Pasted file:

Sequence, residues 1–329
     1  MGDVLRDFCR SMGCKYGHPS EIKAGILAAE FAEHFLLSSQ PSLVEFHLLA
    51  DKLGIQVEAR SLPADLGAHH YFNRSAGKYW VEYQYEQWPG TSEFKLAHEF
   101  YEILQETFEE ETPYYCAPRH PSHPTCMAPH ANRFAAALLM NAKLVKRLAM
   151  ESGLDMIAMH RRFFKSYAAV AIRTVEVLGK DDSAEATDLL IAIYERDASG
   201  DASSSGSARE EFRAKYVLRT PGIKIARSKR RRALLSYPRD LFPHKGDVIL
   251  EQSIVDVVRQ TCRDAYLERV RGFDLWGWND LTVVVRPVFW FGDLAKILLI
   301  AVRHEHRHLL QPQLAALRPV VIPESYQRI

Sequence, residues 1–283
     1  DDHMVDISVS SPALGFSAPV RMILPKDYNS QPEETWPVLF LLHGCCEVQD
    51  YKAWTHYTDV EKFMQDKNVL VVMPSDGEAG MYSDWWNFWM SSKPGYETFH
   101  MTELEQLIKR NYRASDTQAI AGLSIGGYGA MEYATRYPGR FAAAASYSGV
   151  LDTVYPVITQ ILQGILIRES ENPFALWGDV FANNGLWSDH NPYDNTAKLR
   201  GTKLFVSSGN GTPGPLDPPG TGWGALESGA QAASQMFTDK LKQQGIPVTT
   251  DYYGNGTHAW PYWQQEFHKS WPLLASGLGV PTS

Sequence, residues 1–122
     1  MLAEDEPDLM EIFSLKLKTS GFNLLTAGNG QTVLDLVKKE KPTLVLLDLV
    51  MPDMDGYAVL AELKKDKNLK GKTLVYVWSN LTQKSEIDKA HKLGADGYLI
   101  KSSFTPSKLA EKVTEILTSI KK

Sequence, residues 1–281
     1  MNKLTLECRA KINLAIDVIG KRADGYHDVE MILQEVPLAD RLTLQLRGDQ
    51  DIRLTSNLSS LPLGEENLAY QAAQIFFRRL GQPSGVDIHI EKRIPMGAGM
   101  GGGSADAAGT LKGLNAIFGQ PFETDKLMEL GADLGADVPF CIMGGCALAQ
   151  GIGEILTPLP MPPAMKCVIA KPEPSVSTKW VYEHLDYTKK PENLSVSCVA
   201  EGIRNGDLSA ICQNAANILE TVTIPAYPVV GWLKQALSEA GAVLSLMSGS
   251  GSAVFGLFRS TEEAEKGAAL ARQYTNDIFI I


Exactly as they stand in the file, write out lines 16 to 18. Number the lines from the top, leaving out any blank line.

Sequence, residues 1–122
     1  MLAEDEPDLM EIFSLKLKTS GFNLLTAGNG QTVLDLVKKE KPTLVLLDLV
    51  MPDMDGYAVL AELKKDKNLK GKTLVYVWSN LTQKSEIDKA HKLGADGYLI